Cultivating Connection: The Campus Farm, Digital Detox, and the Power of Shinrin Yoku

I’m Naz Fulya Çibik, a researcher specialising in environmental education at Mugla Sitki Kocman University, in Türkiye. I am delighted to contribute to this project by taking part in Digital Detox Workshop and introducing the Campus Farm.

We started the Campus Farm- the ecological agriculture application area- just before the Covid19 pandemic spread. The aim was to inspire university students and faculty members to be resilient to climate change and its consequences through caring for the environment, working with the soil, and learning about ecological agriculture. At the Campus Farm, we use local seeds that are distinguished from the non-local ones thanks to their endurance. Working with local seeds is vital for contributing sustainable food production. These seeds are adapted to their environment, the climate, water, and soil, and they can be reused many times. he Muğla district, with its red, mineral-rich soil, is optimal for using these local seeds. The Campus Farm is a place where people in our university can get away from the stress of everyday life, especially the ones caused by overexposure to technology by being occupied with the soil and plants. As a result, we believe it (the Campus Farm) is a place where digital detox is possible.

In today’s session I introduced the Campus Farm, its main aims, and how it relates to digital detox. The participants were surprised when I emphasized how special the local seeds were. They had no idea why they were unique and unusual. They were also unaware of the Campus Farm, therefore, with this presentation, in line with the aims of this workshop, the participants were provided with an area to perform digital detox. I also discussed the mental and physical health benefits of digital detox by linking the topic to the term ‘Shinrin Yoku’ (forest bathing). Shinrin Yoku was first introduced by the Japanese Ministry of Forestry in 1982 as a remedy for individual burnout primarily caused by exposure to technology, and to motivate people to maintain the country’s forests. I discussed what happens to a human body after interacting with nature in the first 10-15 minutes, 1 hour, and 3 days. I recommended scientific literature for further reading. After the talk, we walked to the red pine forest near the conference building after the presentation and did a ‘mini’ Shinrin Yoku for 5 minutes.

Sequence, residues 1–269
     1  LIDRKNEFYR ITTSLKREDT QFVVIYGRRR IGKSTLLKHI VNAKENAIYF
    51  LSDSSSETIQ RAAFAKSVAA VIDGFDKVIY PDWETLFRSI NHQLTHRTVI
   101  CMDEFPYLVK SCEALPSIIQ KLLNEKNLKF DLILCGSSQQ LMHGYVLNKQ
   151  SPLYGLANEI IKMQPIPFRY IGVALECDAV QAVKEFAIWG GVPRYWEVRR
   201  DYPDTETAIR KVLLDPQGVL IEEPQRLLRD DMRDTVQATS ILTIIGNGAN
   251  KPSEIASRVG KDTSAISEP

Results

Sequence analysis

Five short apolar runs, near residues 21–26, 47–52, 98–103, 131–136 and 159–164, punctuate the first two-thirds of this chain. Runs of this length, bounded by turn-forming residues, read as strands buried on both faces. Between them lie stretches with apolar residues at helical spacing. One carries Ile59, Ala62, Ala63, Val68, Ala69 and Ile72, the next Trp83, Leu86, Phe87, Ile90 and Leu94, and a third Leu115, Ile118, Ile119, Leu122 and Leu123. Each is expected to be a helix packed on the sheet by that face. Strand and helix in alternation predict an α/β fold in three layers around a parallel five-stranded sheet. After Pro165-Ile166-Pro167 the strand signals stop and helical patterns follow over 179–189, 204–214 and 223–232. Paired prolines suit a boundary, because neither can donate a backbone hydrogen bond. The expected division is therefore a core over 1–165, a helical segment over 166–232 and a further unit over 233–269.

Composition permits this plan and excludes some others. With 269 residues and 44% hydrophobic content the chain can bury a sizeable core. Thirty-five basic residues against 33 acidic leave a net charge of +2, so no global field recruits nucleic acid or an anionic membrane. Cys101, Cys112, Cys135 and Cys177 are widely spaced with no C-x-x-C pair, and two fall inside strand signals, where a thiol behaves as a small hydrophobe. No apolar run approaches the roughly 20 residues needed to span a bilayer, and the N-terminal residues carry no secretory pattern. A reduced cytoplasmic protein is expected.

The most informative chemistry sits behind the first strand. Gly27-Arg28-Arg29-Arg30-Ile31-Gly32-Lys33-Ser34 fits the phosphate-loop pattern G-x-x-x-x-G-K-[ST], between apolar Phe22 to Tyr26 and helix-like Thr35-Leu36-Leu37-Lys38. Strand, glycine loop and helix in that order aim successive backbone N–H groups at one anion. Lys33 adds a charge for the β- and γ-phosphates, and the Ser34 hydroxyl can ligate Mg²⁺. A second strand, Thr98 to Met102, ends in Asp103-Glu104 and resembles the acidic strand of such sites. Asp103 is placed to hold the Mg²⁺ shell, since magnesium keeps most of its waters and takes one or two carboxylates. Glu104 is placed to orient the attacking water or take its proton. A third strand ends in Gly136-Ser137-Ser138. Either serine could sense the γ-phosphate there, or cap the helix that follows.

Everyone wandered around silently for 5 minutes, some touching the ground, soil, and trees. Some of them closed their eyes and concentrated on (I assume) natural sounds. I knew it wasn’t an ideal Shinrin Yoku location with all the people together, but the aim was to introduce them to an experience they could have whenever and wherever they want. As a thank you gift at the end of the program, I gave them local seeds harvested from the Campus Farm. I believe that this session contributed to their motivation to spend time in nature, to plant seeds, and to take a little break from screens on mobile devices or laptops. I was delighted to share my experience with others and help them experience experiencing nature. Many thanks to Eyüp and llker for giving me this opportunity. I’m looking forward to the next ones.

Naz Fulya Çibik